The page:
What’s becoming very apparent as I assess the various wine blogs is the need to be clearer about my social media objectives.
Once I’ve outlined exactly what my objective is I can also define a specific measure of success and hopefully which blogs are best for which objective.
Social Media Strategy
As I reviewed various commentators’ thoughts I started to see a pattern.
So I’ve had a go at showing the interplay in the diagram below between Social Media Objectives, Success Metrics, the Paid/Owned/Earned continuum, Types of Media, and the Marketing Funnel.
Social Media Diagram
- I’ve put some more traditional marketing and retail goals to the left, i.e. branding, engagement, information gathering, purchase and customer service (Corcoran 2009).
- Then some ways to measure success or “metrics” (Owyang and Lovett, 2010).
- Followed by various types of social media (yep the top ones aren’t really social media).
- Lastly a marketing funnel of Awareness > Consideration > Preference > Purchase > Loyalty to the right (Green, 2009).
The idea, for example, is you’d say I want greater immediate Purchase, so I’ll focus on getting more Unique Customer Reviews by asking my customers to share their thoughts on my website about various types of wine.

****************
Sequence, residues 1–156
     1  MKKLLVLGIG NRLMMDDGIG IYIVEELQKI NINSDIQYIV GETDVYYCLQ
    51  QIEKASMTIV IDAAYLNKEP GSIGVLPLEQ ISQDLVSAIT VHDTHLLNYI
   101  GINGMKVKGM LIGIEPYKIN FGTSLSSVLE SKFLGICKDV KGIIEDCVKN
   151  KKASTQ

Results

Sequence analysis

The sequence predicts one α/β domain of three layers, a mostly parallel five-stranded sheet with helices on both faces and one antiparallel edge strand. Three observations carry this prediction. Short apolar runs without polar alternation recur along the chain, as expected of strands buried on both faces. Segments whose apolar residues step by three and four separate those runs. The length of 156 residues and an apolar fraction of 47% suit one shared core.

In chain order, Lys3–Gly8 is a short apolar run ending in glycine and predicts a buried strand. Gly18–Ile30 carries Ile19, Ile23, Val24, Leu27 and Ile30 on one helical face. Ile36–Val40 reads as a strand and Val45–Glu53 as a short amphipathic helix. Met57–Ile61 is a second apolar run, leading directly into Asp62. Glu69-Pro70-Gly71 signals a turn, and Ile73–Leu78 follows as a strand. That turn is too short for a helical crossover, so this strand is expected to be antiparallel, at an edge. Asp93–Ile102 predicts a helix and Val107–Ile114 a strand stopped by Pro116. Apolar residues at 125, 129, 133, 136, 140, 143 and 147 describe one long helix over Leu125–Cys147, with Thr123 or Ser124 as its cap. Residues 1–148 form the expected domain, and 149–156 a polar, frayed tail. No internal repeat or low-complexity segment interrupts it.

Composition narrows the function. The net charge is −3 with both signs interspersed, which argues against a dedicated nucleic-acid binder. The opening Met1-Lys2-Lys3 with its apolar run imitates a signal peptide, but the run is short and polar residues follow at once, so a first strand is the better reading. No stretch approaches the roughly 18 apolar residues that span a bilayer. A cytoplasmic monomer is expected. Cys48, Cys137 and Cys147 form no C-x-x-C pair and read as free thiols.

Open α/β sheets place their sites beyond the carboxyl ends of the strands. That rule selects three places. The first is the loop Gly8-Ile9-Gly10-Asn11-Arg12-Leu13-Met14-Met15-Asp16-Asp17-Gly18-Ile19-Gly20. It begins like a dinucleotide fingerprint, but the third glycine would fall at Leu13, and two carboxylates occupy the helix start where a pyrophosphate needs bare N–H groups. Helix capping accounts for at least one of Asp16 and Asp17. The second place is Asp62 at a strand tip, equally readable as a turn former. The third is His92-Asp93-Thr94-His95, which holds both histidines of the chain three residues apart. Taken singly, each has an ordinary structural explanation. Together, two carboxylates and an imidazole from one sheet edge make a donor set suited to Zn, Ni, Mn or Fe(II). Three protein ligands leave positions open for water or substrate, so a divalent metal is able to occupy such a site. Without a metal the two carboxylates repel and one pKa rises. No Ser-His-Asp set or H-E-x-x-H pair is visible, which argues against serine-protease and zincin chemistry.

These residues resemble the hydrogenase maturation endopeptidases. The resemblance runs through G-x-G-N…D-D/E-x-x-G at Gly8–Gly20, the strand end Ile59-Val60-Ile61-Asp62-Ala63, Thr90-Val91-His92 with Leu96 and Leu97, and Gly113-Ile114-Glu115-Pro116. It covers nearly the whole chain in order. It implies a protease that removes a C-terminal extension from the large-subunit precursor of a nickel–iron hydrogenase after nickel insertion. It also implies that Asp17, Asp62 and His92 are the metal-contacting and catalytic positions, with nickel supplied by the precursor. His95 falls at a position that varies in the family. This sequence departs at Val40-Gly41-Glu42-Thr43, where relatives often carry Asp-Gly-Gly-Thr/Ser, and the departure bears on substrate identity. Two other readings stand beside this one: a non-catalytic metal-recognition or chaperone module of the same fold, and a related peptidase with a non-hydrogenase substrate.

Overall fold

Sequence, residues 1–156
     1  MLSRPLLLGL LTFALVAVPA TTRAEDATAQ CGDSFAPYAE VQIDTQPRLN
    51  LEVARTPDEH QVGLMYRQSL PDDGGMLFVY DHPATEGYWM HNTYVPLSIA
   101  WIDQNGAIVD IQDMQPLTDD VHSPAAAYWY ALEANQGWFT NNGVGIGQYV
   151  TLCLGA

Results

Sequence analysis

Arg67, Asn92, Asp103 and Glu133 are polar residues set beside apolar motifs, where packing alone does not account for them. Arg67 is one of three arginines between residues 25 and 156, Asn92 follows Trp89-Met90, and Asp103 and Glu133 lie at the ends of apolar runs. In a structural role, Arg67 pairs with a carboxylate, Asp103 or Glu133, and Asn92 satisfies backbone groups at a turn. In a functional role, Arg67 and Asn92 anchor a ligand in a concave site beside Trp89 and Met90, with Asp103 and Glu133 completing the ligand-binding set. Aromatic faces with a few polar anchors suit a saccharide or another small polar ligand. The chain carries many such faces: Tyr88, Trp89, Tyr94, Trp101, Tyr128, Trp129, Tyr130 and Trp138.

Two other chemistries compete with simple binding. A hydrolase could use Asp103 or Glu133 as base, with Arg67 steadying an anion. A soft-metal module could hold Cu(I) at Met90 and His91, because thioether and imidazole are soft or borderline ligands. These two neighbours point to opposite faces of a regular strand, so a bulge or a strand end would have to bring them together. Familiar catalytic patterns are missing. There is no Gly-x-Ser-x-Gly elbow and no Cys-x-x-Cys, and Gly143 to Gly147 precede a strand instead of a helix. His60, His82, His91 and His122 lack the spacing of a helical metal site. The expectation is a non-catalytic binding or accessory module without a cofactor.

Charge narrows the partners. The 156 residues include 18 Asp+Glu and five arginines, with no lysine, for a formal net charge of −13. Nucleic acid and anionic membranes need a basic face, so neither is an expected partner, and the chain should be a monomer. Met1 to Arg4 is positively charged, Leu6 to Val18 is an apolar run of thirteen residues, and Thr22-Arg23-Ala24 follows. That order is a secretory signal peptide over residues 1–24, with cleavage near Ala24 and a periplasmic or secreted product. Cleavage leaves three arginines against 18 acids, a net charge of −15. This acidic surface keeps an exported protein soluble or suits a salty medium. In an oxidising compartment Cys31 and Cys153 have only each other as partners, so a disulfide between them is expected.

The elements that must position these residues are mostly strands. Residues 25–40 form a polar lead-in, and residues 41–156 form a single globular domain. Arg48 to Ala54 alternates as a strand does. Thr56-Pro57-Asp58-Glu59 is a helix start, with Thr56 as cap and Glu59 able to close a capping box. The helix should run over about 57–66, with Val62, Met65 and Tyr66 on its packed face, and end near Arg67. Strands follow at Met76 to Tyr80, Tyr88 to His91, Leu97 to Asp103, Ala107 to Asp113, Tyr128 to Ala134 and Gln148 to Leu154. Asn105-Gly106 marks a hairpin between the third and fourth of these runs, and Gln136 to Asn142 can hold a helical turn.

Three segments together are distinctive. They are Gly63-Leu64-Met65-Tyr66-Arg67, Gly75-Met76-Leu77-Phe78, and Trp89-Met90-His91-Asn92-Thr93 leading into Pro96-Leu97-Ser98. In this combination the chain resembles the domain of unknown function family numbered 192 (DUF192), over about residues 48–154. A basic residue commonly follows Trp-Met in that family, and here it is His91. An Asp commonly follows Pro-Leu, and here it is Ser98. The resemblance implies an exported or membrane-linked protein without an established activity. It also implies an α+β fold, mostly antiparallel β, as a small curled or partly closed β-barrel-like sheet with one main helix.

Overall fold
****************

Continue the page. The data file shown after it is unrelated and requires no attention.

Or, no one knows me so I need to do some Adwords advertising to pay for some Awareness.
But I didn’t quite get there
What I wanted to show was that Blogs could actually do more than just Information Gathering and Preference. To do this I would put a graphic to show that Blogs had an effect on a number of objectives.
The trouble is yet another shape on this diagram started to make it even messier! So I’ll keep editing this diagram until I can better show how various types of media can do more than one thing.
Let’s go through some of the concepts outlined in the diagram before we return to objectives.
Paid vs Owned vs Earned Media
One concept that may not be well known is the Paid vs Earned continuum. Here’s how Sean Corcoran from Forrester Research puts it:
- Owned media: a message delivered from a company to consumers through channels controlled by the company (such as corporate Web sites and microsites)